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Chris Weidman discusses winning UFC title, Anderson Silva's mental warfare, and likely rematch

Esther Lin, MMA Fighting

Chris Weidman woke up in his suite at the MGM Grand at 5 am on Sunday. Flush with excitement about what he'd done just a few hours before, he woke up his children sleeping nearby to tell them what he'd promised them for months: that daddy was the champion. The impromptu celebration was quickly halted by his wife so the kids could return to bed, and with that, the first sign came that life was returning to normal.

For Weidman, that means back to work. Every professional athlete wants to win the championship. It is often a lifelong goal, but no one tells you that when you do, the pressure to hold onto it is exponentially greater than that of the chase. It's one thing to scale a mountain; it's another to live at the peak.

Weidman is already feeling this. On a Monday interview on The MMA Hour, he said his mind has already shifted into the future, and "stressing" about his next fight. In a way, it's something he brought on himself. From the get-go, he said he would beat Anderson Silva at UFC 162 and then offer him an immediate rematch, so intent he was on proving he was the better man.

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The pairing might indeed be necessary to destroy the doubts of many who have diminished Weidman's win because of Silva's performance, which featured copious amounts of bobbing, weaving and taunting. In the short time since the bout, there have been various suggestions that Silva did not try, did not care, or even that he laid down for the challenger. To suggest a man with a perfect 16-fight octagon win streak and a history of this in-cage behavior was either purposely lethargic or willfully criminal seems outrageous, but nevertheless, the buzz has persisted.

"I’m not here to change other people’s opinion but I’ll tell you one thing: he did not give me the belt, he did not throw the fight," Weidman said. "It was nothing like that. He was doing exactly what he does in all his fights. He had his hands down, he was trying to mentally defeat me, make me freeze, make me feel like I didn’t deserve to be in the ring with him. I didn't want to let him do that. I wanted to put him in his place, and that's it."

Ironically, Weidman indirectly acknowledged that Silva's tactics did affect him, saying he did feel disrespected as the fight went on and the former champion persisted, and even though he knew there was a very specific reason Silva was doing it.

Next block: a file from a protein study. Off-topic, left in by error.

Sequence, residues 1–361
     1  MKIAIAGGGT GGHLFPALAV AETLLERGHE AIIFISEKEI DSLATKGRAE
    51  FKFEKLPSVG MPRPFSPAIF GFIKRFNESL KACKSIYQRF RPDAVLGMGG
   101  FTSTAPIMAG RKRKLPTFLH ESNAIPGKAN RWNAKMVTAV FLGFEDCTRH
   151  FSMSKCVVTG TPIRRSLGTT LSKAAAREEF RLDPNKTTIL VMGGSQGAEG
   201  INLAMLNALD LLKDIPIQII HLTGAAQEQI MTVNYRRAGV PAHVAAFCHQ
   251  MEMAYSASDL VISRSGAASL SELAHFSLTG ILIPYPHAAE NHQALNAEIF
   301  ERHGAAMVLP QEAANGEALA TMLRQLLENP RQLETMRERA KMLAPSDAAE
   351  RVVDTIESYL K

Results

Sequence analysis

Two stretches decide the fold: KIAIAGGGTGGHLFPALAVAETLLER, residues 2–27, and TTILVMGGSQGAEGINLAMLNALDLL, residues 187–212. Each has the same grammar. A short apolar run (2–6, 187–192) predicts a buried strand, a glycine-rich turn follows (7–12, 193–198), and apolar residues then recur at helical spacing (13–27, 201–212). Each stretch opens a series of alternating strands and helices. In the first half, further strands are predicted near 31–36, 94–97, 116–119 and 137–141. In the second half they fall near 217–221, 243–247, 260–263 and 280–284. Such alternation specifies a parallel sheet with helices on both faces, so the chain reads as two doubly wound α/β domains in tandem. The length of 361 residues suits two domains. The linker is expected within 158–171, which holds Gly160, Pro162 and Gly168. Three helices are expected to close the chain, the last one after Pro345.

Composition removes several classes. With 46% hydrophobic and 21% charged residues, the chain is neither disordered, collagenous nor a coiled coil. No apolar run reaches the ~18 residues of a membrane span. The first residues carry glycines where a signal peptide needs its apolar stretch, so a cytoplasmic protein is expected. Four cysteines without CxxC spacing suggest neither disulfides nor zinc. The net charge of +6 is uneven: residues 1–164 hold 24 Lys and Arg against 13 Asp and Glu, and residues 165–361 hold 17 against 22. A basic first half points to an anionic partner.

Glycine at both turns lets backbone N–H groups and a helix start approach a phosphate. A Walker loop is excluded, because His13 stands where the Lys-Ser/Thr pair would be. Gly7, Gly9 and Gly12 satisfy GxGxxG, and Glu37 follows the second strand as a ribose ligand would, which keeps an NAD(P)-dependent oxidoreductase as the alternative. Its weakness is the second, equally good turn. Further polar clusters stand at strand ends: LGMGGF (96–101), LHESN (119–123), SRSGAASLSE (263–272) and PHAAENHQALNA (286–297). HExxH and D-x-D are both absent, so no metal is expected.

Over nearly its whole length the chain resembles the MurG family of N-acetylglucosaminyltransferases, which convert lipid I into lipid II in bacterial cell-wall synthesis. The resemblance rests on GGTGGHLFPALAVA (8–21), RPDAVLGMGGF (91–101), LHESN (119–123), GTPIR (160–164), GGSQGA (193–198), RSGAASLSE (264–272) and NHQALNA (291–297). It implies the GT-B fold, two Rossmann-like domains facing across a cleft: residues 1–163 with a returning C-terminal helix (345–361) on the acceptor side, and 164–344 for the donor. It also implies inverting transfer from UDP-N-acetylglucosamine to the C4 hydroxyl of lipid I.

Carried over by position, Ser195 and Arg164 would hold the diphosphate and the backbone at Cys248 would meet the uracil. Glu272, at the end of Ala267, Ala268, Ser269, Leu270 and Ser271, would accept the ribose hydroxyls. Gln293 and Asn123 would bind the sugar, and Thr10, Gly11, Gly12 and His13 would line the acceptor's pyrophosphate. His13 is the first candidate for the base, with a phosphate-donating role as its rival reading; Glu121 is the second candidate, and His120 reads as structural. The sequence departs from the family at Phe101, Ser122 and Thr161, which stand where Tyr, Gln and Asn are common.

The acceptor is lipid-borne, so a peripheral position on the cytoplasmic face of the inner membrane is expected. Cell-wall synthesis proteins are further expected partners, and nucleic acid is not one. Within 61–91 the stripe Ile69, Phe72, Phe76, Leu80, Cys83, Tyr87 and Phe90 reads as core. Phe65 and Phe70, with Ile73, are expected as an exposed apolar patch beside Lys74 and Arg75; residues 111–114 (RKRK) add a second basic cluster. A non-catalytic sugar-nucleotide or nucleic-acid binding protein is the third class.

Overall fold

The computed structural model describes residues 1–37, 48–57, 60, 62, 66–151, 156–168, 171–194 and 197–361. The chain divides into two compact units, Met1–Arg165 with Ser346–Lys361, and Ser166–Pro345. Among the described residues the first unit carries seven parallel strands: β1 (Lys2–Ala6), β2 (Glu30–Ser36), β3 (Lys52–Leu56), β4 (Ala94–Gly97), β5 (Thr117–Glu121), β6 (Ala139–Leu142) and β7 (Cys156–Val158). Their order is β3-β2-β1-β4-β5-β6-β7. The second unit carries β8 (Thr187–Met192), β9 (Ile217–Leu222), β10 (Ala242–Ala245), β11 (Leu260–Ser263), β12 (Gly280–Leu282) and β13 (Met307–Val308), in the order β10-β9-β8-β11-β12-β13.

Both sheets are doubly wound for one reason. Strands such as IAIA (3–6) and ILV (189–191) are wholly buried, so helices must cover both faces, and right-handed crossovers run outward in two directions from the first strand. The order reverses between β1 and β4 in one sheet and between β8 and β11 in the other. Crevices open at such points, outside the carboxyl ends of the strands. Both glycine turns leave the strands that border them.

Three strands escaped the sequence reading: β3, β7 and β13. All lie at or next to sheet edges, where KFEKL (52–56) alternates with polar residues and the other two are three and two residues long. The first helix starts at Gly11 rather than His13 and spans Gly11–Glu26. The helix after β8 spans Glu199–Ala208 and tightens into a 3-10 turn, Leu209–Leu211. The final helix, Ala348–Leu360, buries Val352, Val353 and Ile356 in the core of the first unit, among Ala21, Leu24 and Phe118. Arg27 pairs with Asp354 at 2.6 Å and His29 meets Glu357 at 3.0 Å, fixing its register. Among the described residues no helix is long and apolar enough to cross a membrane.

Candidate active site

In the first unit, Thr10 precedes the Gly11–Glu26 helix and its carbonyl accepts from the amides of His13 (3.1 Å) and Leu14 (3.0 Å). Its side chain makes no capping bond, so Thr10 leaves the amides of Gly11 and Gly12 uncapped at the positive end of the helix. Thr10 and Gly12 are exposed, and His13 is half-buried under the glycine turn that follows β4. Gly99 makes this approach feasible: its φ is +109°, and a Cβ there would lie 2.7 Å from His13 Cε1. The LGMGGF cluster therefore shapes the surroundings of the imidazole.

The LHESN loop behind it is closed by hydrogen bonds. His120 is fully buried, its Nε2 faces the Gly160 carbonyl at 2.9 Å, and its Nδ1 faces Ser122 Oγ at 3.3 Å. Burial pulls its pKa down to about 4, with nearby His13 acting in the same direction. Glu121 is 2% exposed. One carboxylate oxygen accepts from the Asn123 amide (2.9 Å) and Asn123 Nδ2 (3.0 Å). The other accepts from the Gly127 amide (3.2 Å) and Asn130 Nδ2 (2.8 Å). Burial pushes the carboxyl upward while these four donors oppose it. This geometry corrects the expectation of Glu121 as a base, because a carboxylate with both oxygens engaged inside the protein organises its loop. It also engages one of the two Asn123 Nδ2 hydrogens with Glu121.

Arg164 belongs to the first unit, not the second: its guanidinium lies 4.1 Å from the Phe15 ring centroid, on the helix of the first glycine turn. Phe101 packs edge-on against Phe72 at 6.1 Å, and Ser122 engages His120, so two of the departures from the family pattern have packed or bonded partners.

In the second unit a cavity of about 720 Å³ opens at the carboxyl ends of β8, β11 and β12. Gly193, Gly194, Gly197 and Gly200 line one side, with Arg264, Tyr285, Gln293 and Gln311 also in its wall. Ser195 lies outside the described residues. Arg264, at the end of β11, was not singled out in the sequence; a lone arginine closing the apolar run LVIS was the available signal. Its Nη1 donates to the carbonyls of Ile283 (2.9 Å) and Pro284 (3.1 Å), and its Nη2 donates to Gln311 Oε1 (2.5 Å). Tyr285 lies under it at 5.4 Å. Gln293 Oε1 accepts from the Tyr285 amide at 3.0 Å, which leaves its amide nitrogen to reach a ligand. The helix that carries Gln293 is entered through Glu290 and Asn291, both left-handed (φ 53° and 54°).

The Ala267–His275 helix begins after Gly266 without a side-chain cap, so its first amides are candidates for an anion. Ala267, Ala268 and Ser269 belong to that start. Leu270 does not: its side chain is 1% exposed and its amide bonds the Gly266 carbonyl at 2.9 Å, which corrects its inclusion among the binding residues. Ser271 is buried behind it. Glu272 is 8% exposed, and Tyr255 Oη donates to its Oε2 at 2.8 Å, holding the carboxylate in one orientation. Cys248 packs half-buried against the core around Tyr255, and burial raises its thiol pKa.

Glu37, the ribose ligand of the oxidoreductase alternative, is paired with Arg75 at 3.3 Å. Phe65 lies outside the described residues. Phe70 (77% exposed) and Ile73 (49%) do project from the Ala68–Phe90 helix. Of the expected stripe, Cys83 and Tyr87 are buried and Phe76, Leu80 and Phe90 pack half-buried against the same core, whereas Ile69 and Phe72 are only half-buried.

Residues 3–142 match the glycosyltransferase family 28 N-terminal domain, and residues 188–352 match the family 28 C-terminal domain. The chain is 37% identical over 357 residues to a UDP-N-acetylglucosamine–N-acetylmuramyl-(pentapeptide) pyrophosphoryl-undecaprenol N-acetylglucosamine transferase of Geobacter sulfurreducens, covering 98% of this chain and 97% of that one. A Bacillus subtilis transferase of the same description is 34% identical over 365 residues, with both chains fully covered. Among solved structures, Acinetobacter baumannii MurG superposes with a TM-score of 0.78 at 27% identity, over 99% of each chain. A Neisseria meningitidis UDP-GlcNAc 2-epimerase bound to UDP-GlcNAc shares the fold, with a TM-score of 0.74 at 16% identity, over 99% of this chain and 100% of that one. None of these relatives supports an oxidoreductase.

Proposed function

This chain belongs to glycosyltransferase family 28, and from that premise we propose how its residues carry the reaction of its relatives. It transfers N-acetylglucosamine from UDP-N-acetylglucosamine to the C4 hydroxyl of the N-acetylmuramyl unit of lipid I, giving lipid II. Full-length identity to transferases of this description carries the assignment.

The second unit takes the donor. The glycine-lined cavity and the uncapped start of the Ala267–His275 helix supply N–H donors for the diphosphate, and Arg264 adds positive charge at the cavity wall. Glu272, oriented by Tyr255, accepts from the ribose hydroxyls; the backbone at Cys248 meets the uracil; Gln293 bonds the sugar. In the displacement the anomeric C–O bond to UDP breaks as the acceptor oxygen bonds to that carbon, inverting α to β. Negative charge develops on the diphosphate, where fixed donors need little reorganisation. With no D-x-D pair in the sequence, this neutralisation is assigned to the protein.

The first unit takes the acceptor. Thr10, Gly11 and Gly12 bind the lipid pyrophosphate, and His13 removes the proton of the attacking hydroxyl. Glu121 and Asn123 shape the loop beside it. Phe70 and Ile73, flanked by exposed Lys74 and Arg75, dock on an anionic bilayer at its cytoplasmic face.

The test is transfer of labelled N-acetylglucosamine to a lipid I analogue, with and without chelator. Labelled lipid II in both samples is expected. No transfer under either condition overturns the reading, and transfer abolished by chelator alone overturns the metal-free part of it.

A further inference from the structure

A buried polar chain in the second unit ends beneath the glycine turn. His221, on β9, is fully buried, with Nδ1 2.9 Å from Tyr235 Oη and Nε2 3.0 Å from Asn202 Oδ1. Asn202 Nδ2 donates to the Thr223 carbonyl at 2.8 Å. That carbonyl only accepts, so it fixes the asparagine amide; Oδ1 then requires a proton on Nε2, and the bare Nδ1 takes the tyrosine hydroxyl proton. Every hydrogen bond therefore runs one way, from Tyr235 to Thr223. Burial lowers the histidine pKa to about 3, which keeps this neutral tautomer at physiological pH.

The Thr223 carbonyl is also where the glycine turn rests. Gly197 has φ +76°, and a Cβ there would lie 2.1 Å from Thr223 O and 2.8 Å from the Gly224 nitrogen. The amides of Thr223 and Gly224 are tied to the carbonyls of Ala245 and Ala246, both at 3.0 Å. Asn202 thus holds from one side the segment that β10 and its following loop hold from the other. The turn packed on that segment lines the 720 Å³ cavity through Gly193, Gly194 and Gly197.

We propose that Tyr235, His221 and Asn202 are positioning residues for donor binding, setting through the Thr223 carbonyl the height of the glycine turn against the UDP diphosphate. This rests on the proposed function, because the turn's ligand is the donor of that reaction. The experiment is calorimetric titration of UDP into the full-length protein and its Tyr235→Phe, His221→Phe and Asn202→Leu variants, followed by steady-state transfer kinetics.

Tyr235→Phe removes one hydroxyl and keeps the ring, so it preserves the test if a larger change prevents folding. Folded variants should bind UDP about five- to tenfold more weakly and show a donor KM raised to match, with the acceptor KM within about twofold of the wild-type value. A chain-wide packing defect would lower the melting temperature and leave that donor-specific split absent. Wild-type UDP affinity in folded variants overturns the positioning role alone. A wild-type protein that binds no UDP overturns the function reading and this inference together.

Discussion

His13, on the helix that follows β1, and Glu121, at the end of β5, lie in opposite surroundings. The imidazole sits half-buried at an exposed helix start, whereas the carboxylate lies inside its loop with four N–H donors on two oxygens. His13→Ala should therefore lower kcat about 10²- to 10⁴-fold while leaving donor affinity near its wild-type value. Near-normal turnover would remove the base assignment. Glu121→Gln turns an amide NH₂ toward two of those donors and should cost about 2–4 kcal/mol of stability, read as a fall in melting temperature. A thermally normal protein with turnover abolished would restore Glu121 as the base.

A close observation of the moments after the fight also confirmed it, with Weidman saying Silva was a "disrespectful piece of s---" seconds after he scored the knockout. The new champion confirmed he was fired up in the heat of the moment, at one point mockingly asking Silva if he wanted help up from the mat, but said he calmed down soon after and that he still holds a huge amount of respect for the Brazilian legend.

"That was the first time I ever got emotional in a fight," he said. "I wanted this fight so bad. I knew I had the tools to do it, it was just a matter of going out and doing it. Not letting him fight his fight, just fighting my fight which is don't care what he's doing. Just keep moving, I'm going to punch him in face, and look for takedowns. I did everything I said I was going to do."

Weidman said he felt he was winning the whole way, from his early takedown and ground work -- he said he saw Silva's "eyes roll back" on one ground strike -- to his standup.

Later, when they returned to their feet and Silva started goading and talking to him, the Brazilian told him, "Don't wrestle, they want to see a standup fight."

"I felt in control," Weidman said. "He was doing all that stuff, but in my mind, I'm just laughing. I’m like, 'Bro, I’m winning the fight. I’m punching you right now and you're standing there with your hands on your hips. You can do that all day if you want.' It got to the point where I figured, I’m going to get in this guy's face, and put my hands on him, and that's what I did."

It happened in the second, as Weidman continued to move forward with combinations. It was the fourth punch of a series -- a left hook -- that sent Silva crashing back and towards the end of his lengthy reign.

Even to Weidman, that split-second was surreal.

"When I was punching him once he fell to the ground, I was like, 'Holy crap, this is happening. Oh my God,'" he said.

While Silva has said he isn't interested in a rematch, Weidman believes that was just an emotional reaction to an unexpected moment, and that the fight will happen. In fact, he wants it, and the Feb. 2014 timeline is right in line with his thinking, since he said he has a few health issues he'd like to address first.

Weidman said that even in victory, he does not feel like he put on his best performance, citing a "sluggish" feeling possibly due to his one year off, as well as some mistakes in his submission game that he felt could have ended the fight even earlier. But he also has no regrets. He went for victory at every turn and never let the great Silva break him.

And if they do build a sequel, the new champion says his thoughts about Silva next time around will not change a bit.

"I think he’s still unbelievable, I think he's still the greatest of all time, and I think I’d still beat him again," he said.

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